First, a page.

The air in Gazi village, located in Kwale County, feels refreshingly clean and pure, devoid of the city’s pollutants. Instead of the familiar cacophony, the melodious songs of birds greet one, their voices filling the tranquil atmosphere.
The pace of life in Gazi village appears more measured and calmer, as the locals seamlessly carry out their day-to-day routines. It doesn’t take long for the close-knit community to recognize an outsider, extending warm greetings and genuine hospitality that immediately foster a sense of belonging and make them feel instantly welcome.
Gazi, located in the eastern part of Kenya’s Coast Province, is a small settlement adjacent to the southern coast of Kenya along the Indian Ocean, known for its abundant fishing activities. The presence of mangrove trees in the area contributes to the prevalence of fishing, as these trees serve as crucial nurseries for fish, providing employment opportunities for the local community.
In addition to their role as fish habitats, mangroves play a vital environmental role. They act as carbon sinks, absorbing carbon dioxide from the atmosphere, and their intricate root systems stabilize sediments, preventing erosion and safeguarding shorelines against storms, hurricanes, waves, and floods.
However, based on the National Mangrove Ecosystem Management Plan, it was reported in 2020 that about 45% of the mangroves in Kwale County, needed restoration. This reduction can be attributed to human activities such as deforestation, as the trees are cut down for construction purposes, including building houses, boats, pilings, furniture, and charcoal production. Deforestation leads to detrimental consequences such as soil erosion, degradation, depletion of water resources, and increased vulnerability of the local population to climate-related events.
Kwale County Forest Conservator Mr. Blessings Maganga pointed out Kenya Forest Service Mangrove Strategic Management Plan – 2017 to 2027 – quoted 40% of mangrove forest was degraded.
Yet, amidst this daunting predicament, we uncover the inspiring stories of women who champion the preservation of these vital mangroves—dedicated individuals who strive to protect and restore this fragile ecosystem, ensuring a sustainable future for both nature and the community it supports.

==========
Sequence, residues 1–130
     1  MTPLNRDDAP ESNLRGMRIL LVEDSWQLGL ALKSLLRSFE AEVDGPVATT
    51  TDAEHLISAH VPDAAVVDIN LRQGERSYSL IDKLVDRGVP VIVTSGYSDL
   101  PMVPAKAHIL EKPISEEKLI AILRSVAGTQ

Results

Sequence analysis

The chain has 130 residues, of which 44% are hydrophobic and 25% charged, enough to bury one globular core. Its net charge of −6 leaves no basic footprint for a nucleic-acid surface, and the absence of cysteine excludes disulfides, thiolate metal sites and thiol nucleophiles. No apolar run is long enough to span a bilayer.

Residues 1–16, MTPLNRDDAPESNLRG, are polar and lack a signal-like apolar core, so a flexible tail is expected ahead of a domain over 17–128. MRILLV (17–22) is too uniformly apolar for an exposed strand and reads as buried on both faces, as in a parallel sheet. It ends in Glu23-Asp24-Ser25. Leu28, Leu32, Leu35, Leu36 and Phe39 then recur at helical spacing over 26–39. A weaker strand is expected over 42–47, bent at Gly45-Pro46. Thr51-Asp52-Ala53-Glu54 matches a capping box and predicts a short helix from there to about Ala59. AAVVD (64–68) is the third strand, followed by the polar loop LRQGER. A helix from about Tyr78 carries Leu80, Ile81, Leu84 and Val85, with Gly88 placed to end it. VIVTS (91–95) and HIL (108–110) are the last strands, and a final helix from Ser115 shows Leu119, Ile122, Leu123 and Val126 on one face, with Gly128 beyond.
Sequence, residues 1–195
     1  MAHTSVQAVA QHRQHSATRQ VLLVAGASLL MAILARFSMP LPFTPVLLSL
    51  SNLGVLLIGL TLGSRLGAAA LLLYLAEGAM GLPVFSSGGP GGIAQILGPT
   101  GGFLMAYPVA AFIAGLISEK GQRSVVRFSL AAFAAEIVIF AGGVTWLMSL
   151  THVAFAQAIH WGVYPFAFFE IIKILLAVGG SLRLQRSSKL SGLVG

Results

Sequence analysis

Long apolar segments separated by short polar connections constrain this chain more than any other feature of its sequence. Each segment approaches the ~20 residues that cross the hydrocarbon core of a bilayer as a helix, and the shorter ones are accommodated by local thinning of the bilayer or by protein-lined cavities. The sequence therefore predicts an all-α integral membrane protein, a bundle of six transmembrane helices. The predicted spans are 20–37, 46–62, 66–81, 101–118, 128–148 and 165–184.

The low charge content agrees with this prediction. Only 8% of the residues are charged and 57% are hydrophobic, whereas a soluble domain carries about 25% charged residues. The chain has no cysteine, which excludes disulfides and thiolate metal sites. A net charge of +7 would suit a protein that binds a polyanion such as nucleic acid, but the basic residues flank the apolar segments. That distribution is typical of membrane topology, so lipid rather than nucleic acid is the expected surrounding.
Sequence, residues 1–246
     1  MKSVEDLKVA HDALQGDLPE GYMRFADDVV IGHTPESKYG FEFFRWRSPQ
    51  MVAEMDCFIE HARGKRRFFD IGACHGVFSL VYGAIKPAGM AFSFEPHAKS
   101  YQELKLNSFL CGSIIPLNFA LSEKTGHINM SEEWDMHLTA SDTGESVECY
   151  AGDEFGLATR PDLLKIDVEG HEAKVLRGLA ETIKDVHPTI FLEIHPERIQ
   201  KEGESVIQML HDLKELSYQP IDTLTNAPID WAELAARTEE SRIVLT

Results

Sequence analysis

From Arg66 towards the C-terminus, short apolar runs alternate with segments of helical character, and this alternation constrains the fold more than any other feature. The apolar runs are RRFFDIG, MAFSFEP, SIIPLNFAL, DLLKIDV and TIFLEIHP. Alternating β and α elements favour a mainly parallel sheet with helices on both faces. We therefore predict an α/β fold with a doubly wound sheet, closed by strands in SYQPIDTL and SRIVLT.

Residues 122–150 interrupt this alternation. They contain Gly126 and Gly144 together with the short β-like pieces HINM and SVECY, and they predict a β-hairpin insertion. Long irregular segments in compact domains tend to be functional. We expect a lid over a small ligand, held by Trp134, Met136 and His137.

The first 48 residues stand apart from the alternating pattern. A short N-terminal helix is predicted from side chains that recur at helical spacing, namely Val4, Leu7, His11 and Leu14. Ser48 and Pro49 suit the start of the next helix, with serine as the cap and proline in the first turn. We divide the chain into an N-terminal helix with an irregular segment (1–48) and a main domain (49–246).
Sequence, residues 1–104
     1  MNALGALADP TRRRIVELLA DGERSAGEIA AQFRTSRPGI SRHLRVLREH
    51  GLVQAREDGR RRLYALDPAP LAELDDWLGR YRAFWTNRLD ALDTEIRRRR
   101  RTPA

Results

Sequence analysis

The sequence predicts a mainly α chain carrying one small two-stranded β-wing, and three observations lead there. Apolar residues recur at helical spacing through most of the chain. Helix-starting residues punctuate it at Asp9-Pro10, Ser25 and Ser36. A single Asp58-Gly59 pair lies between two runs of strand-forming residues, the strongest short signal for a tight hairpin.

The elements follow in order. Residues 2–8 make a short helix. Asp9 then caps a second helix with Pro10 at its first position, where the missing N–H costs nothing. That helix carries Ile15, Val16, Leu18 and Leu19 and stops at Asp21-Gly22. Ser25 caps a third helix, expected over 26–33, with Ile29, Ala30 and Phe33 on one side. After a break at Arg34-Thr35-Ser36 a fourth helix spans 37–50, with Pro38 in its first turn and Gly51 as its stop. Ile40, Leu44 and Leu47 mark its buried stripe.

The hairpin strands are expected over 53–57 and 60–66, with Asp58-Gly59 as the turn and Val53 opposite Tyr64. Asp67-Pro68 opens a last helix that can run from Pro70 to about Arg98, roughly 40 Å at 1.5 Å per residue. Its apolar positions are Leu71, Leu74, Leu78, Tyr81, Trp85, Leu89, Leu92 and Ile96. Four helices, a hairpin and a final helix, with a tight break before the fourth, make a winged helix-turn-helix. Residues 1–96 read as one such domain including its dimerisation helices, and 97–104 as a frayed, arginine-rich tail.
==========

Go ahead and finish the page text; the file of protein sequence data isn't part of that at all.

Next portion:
Mwanahamisi Bakari, aged 52, has been an integral member of the Gazi Mangrove Women Boardwalk since its establishment 17 years ago. In 2022, she was elected as the group’s chairperson, a role that she finds deeply fulfilling. She recounts the origins of the group, which emerged as a result of comprehensive research conducted by the Kenya Marine Authority and environmentalists from Belgium, focusing on mangroves and marine life.
Following thorough deliberations and consultations, Bakari emphasized the decision to entrust women with the responsibility of spearheading this project. Recognizing the valuable contributions and capabilities of women, it was agreed upon that they would take the lead in driving this initiative forward.
“Women exhibit exceptional dedication and often have fewer commitments compared to men. Consequently, women are frequently assigned projects due to their inherent nurturing qualities,” says Bakari.
The primary objective of the Gazi Women Mangrove Boardwalk is to safeguard the mangrove trees from local deforestation activities and engage in extensive replanting efforts to restore the lost mangrove areas.
At least twice a year, they establish large-scale mangrove nurseries to cater to the needs of degraded areas. Additionally, they extend their services to neighboring communities seeking to restore mangroves by supplying them with nursery stock.
Curiosity drove me to explore the journey of a mangrove tree from its infancy to maturity, and Mwanahamisi enlightened me by explaining that these trees don’t demand any extraordinary care. Once they are planted, they have the potential to thrive as long as they are allowed to reach maturity without being felled.
Kassim Juma, the project coordinator of Mikoko Pamoja, another community group dedicated to preserving the mangroves in Gazi Village, added that during their growth, mangroves encounter several obstacles, such as the risk of being uprooted by floods and battered by hurricane winds. Moreover, they are susceptible to being consumed by pests.
The Gazi Women Mangrove Boardwalk proudly stands out among the numerous community groups, exceeding 200 in number, that operate under the governance and regulation of the Community Forest Association, widely known as CFA. Hafsa Mohammed Zuga, the treasurer of CFA, emphasized that the CFA serves as the overarching body that provides guidance and support to these groups.